Lynnley Browning has a great article in Financial Planning magazine entitled, “With 212 possible designations, what exactly is a financial planner? ” In the article, Browning covers the history of the professional designations and which ones are more impressive. The most interesting section was under the heading “The history behind the titles” which read:
‘Financial planner’ and ‘wealth advisor’ are generic terms. Nobody knows how many there are. The Bureau of Labor Statistics counts more than 218,000 people working as “personal financial advisors,” up from nearly 162,000 a decade ago. Cerulli Associates counts north of 311,000 “financial advisors,” only half of them providing actual planning advice. At worst, the appellations can mean a huckster who hangs out a shingle shilling money advice, like a “lawyer” without a JD.
So there are 311,000 financial advisors, only half of which are actually offering any planning advice. The article continues:
Most advisors work at a broker-dealer (those include Merrill Lynch, Edward Jones, Raymond James, Ameriprise, Schwab and Fidelity, or at independent firms like LPL Financial). Known also as brokers or registered representatives, they’re paid to sell their firm’s proprietary products, from ETFs to life insurance, and earn commissions. They hold a Series 7 license to trade securities and are overseen by the SEC, a government agency, and by FINRA, a nongovernmental “self-regulator.” Brokers aren’t held to a fiduciary standard to put client interests above their own. Instead, they hew to a lower “best interest” standard.
Introduced by the SEC in 2020, Reg BI requires brokers only to disclose conflicts of interests, like commissions for selling a specific fund, and doesn’t ban such conflicts — leaving investors to untangle whether they’re being milked. FINRA counts nearly 329,000 brokers.
I appreciate the clear way Browning says, “Brokers aren’t held to a fiduciary standard to put client interests above their own” and “such conflicts leave investors to untangle whether they’re being milked.”
If you work with a broker-dealer, you probably are being milked, at least by the culture within which your advisor is working. What’s worse is that your financial advisor probably doesn’t even know how much the commission-based environment is costing you.
Browning then talks about investment advisor representatives, writing:
A small clutch of advisors are investment advisor representatives (IAR) and work at a Registered Investment Advisor (RIA), also overseen by the SEC and FINRA. They hold a Series 65 license to provide investment advisory services. Agnostic about selling specific investments, they earn fees, typically around 1 percent of a client’s assets, or a flat fee. These advisors are held to the higher fiduciary standard. FINRA tallies just over 65,000 investment advisors — 20% of Cerrulli’s advice-giving group.
Being an investment advisor representative (IAR) of a Registered Investment Advisor (RIA) you are at least held to a higher fiduciary standard. This eliminates 80% of the so-called financial advisors who are actually broker-dealers (BDs).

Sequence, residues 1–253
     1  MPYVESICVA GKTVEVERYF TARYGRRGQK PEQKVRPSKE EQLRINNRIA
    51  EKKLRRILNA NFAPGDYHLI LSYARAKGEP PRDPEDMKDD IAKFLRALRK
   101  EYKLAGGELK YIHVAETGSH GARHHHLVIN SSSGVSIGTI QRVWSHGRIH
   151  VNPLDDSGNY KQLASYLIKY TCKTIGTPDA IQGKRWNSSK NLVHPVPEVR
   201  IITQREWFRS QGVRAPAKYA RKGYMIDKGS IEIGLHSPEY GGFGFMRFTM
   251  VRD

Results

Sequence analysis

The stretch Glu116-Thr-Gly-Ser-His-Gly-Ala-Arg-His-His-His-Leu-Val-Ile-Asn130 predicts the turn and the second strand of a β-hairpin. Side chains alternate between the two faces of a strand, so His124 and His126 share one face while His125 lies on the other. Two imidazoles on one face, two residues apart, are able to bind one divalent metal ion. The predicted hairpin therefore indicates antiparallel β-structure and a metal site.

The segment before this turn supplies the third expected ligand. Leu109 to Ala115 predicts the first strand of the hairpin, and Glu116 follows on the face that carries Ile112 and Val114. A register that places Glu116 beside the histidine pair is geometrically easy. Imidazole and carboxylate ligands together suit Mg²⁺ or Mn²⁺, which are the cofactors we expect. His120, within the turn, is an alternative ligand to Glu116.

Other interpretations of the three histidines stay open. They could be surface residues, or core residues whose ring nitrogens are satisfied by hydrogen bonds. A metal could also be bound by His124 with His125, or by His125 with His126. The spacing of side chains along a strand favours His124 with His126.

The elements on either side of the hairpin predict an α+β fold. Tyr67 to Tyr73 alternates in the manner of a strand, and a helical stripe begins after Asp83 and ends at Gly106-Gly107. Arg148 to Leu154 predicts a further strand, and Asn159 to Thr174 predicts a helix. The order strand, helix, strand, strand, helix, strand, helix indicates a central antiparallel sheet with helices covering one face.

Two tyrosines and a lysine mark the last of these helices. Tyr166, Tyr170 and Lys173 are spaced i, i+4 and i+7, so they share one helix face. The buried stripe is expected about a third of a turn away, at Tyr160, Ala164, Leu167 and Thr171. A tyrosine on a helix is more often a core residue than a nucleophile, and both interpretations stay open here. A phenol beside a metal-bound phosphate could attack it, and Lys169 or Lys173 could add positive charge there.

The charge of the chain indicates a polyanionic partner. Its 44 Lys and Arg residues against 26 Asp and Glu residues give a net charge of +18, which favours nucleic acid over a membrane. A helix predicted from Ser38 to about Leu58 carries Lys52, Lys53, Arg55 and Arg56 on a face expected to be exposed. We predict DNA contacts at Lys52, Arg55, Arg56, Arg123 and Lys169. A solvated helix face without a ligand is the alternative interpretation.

But there is a major problem with the distinction between RIAs and Broker-Dealers and Browning covers it, saying:
Here’s where it gets tricky. Some financial planners wear two hats. They’re both a representative of a BD, held to the lower standard, and an advisor at an RIA, held to the higher standard. They earn commissions by selling a BD’s proprietary products, and fees for financial planning advice rendered through their RIA.
Consumers don’t understand that distinction very well. Many people feel more comfortable with Merrill Lynch, Edward Jones, Raymond James, Ameriprise, Wells Fargo, Transamerica, Alliance, Schwab, Fidelity, UBS, LPL Financial, or any other broker-dealer posing as an investment advisor. They believe that there is some safety having their advisor be part of a larger firm. We believe they are mistaken. When a large firm puts incentives in place for their advisors and then has a compliance department to make sure those very same advisors don’t step too far, the fiduciary level of care has been compromised. Incentives trump culture.
Take Schwab, for example. We recommend Schwab as one of the lowest cost custodians, but we do not recommend Schwab to serve as your financial advisor. Working directly with a broker-dealer whose company also benefits from your investment choices, violates “Safeguard #1: Do Not Allow Your Advisor to Have Custody of Your Investments.”
Consumers are often recommended to find an advisor who has a CFP® designation.
The CFP Board isn’t a panacea, and Browning covers this as well, writing:
So what happens when that hybrid advisor is a CFP? Last year, the CFP Board began requiring anybody using the CFP label to follow the higher fiduciary standard. But hybrid advisors aren’t required to do that by their BD employers, and the board can’t force BDs to make them transparent. Because the new rule allows advisors to avoid written disclosures of conflicts, they can effectively pinky-promise that all is above board.